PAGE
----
364 days of the year mothers teach, nurture, and care for their children. They pour their heart and soul into the tiny humans with whom they have been entrusted. They stash their independent, coffee-sipping, stylish lifestyle and trade it in for a minivan, cold coffee or sensible shoes.
It’s a small price to pay for the wonders of motherhood.
Then, that one special day arrives where moms get the day off, where they are celebrated, pampered, and devoid of all responsibility for 24 hours of pure nirvana, right?
In our house, Mother’s Day is celebrated every day. Father’s Day too–because it is important to us that our children show love and respect to those around them. Some days they are grateful and kind, other days they are not. But, hey…some days I am a great mom, and other days I am not.
I entered my first few Mother’s Days in ignorant bliss. It wasn’t until a few years in that I realized I needed to lower my expectations of what this day entails. My children will still argue. Dishes will still need to be washed. I will still need to purchase my own gift so that no one feels bad for forgetting my “special” day.
I will still have to be ‘mom’.
Don’t get me wrong; my husband is a rock star. He would cover it all. But, I have realized you can’t turn off motherhood any more than you can turn off time. Nor should you. It is a constant. It keeps moving forward regardless of circumstance. From the moment you see those two pink lines on a pregnancy test, you are a mother and you are needed. You are needed to grow a baby, nurture your toddler, guide an adolescent, or reassure your adult-child.
Mother’s Day is a reminder that I don’t want a day where my child doesn’t need me.
Because I know how that feels.
A few years ago, we lost our son. Mother’s Day now reminds me I have a child that doesn’t need me, and it is a painfully awful reminder. I dread this day now more than ever, as it is another day that exacerbates the loss.
Time lost. Milestones lost. Dreams … lost.
When you bury a child, you bury a part of yourself. A new me had to emerge out of that darkness, and though I wouldn’t say I am any better or any worse, I am most definitely different. I am no longer the same daughter, sister, or friend that I was before. I am not the same wife, nor am I the same mother.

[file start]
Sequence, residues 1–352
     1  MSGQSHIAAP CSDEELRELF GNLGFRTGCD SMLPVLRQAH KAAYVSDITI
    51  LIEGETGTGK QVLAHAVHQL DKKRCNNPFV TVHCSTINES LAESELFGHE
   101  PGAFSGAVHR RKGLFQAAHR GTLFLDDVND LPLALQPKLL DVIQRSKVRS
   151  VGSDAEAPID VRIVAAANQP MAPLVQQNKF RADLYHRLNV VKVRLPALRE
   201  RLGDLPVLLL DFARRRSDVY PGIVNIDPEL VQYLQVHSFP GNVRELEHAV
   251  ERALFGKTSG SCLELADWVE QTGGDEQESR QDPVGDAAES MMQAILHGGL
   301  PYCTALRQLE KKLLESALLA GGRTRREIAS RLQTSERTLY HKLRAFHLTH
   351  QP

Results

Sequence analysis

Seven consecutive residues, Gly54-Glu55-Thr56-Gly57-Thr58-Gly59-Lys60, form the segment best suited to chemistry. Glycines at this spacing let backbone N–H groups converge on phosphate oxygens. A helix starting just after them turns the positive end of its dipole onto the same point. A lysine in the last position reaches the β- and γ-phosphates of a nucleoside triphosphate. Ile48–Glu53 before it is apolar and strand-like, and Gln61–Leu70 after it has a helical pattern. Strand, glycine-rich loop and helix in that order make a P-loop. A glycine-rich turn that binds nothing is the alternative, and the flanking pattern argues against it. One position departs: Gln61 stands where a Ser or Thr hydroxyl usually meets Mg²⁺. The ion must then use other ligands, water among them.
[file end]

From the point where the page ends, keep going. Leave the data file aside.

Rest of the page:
Many have commented on how I should be “over it” by now.
When you send your child off to preschool, do you forget about her?
If he leaves for college, do you love him any less?
The day you walk her down the aisle and give her away, is she any less yours?
Sending my child to Heaven does not remove him from my heart. I will never stop loving my child, therefore, I will never stop grieving his loss.
Mothers Day is bittersweet for many. While many will relish the embrace of their child in celebration, many others will lament their infertility. 1 in 4 pregnancies will have ended in miscarriage. Another 1 in 100 pregnancies will have ended in stillbirth and nearly 4 in 1,000 will have encountered neonatal death. Motherhood and the path to get there can be a winding, messy road that creates a division on days like Mother’s Day of those who can “celebrate” and those who cannot.
If you are struggling to celebrate this Mother’s Day, I encourage you to honor your motherhood or your hard-fought battle to get there with us. Comment below about your beautiful child gone-too-soon. These beautiful souls deserve to have their names spoken or their spirits remembered today because you are their mother. Today and always. Whether you carried your child for hours, days, or months…inside of the womb or out…witnessed the first breath or not, you are a mother that has every right to share about the amazing life you created, nurtured, or raised. Today and every day. Through celebration or remembrance.